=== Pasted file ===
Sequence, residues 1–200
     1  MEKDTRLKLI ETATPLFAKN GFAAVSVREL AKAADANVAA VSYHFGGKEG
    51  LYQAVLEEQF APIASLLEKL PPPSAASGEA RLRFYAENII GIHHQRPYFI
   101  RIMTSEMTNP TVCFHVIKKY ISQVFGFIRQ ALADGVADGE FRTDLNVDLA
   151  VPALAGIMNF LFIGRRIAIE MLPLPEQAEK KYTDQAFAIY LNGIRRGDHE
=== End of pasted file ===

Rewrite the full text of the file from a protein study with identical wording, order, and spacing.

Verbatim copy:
Sequence, residues 1–200
     1  MEKDTRLKLI ETATPLFAKN GFAAVSVREL AKAADANVAA VSYHFGGKEG
    51  LYQAVLEEQF APIASLLEKL PPPSAASGEA RLRFYAENII GIHHQRPYFI
   101  RIMTSEMTNP TVCFHVIKKY ISQVFGFIRQ ALADGVADGE FRTDLNVDLA
   151  VPALAGIMNF LFIGRRIAIE MLPLPEQAEK KYTDQAFAIY LNGIRRGDHE